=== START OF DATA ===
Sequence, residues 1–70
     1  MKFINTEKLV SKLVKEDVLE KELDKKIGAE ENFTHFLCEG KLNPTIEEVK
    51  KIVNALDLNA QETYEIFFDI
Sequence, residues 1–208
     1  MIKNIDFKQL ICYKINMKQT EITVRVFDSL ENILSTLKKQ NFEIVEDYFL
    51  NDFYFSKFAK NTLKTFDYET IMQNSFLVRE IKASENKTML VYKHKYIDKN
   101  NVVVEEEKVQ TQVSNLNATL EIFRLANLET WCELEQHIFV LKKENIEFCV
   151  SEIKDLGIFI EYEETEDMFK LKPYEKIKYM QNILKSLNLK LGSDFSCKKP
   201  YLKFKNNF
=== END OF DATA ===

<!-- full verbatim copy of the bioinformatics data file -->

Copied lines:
Sequence, residues 1–70
     1  MKFINTEKLV SKLVKEDVLE KELDKKIGAE ENFTHFLCEG KLNPTIEEVK
    51  KIVNALDLNA QETYEIFFDI
Sequence, residues 1–208
     1  MIKNIDFKQL ICYKINMKQT EITVRVFDSL ENILSTLKKQ NFEIVEDYFL
    51  NDFYFSKFAK NTLKTFDYET IMQNSFLVRE IKASENKTML VYKHKYIDKN
   101  NVVVEEEKVQ TQVSNLNATL EIFRLANLET WCELEQHIFV LKKENIEFCV
   151  SEIKDLGIFI EYEETEDMFK LKPYEKIKYM QNILKSLNLK LGSDFSCKKP
   201  YLKFKNNF